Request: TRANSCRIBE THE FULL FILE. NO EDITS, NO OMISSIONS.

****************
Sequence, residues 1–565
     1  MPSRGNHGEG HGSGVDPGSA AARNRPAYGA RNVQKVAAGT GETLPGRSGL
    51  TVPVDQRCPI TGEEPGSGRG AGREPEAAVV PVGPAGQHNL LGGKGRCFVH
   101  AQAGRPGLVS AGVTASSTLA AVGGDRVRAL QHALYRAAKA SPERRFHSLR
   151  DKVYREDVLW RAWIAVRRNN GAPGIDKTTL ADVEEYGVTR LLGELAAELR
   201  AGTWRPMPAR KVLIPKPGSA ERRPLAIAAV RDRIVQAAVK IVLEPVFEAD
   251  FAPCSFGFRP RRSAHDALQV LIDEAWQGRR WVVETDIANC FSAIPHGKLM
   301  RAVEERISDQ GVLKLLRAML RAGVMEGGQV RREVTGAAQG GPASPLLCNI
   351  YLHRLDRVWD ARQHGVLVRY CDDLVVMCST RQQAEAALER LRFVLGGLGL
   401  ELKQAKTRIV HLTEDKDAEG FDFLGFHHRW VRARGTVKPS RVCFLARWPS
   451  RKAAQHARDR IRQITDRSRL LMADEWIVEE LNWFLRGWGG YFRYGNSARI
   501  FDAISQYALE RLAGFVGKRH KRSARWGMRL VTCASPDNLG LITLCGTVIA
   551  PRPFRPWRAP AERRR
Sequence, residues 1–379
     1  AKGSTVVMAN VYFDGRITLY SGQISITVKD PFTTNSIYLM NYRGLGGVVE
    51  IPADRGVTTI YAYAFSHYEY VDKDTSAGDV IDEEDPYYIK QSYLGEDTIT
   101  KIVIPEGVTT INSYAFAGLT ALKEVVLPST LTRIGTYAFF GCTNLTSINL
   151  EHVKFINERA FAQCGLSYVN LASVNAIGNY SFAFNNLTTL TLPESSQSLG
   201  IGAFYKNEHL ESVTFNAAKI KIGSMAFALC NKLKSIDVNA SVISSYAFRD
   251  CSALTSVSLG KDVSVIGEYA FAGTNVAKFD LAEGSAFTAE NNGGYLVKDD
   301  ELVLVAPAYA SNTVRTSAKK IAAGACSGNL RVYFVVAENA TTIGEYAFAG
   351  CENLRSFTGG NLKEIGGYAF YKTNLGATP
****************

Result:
Sequence, residues 1–565
     1  MPSRGNHGEG HGSGVDPGSA AARNRPAYGA RNVQKVAAGT GETLPGRSGL
    51  TVPVDQRCPI TGEEPGSGRG AGREPEAAVV PVGPAGQHNL LGGKGRCFVH
   101  AQAGRPGLVS AGVTASSTLA AVGGDRVRAL QHALYRAAKA SPERRFHSLR
   151  DKVYREDVLW RAWIAVRRNN GAPGIDKTTL ADVEEYGVTR LLGELAAELR
   201  AGTWRPMPAR KVLIPKPGSA ERRPLAIAAV RDRIVQAAVK IVLEPVFEAD
   251  FAPCSFGFRP RRSAHDALQV LIDEAWQGRR WVVETDIANC FSAIPHGKLM
   301  RAVEERISDQ GVLKLLRAML RAGVMEGGQV RREVTGAAQG GPASPLLCNI
   351  YLHRLDRVWD ARQHGVLVRY CDDLVVMCST RQQAEAALER LRFVLGGLGL
   401  ELKQAKTRIV HLTEDKDAEG FDFLGFHHRW VRARGTVKPS RVCFLARWPS
   451  RKAAQHARDR IRQITDRSRL LMADEWIVEE LNWFLRGWGG YFRYGNSARI
   501  FDAISQYALE RLAGFVGKRH KRSARWGMRL VTCASPDNLG LITLCGTVIA
   551  PRPFRPWRAP AERRR
Sequence, residues 1–379
     1  AKGSTVVMAN VYFDGRITLY SGQISITVKD PFTTNSIYLM NYRGLGGVVE
    51  IPADRGVTTI YAYAFSHYEY VDKDTSAGDV IDEEDPYYIK QSYLGEDTIT
   101  KIVIPEGVTT INSYAFAGLT ALKEVVLPST LTRIGTYAFF GCTNLTSINL
   151  EHVKFINERA FAQCGLSYVN LASVNAIGNY SFAFNNLTTL TLPESSQSLG
   201  IGAFYKNEHL ESVTFNAAKI KIGSMAFALC NKLKSIDVNA SVISSYAFRD
   251  CSALTSVSLG KDVSVIGEYA FAGTNVAKFD LAEGSAFTAE NNGGYLVKDD
   301  ELVLVAPAYA SNTVRTSAKK IAAGACSGNL RVYFVVAENA TTIGEYAFAG
   351  CENLRSFTGG NLKEIGGYAF YKTNLGATP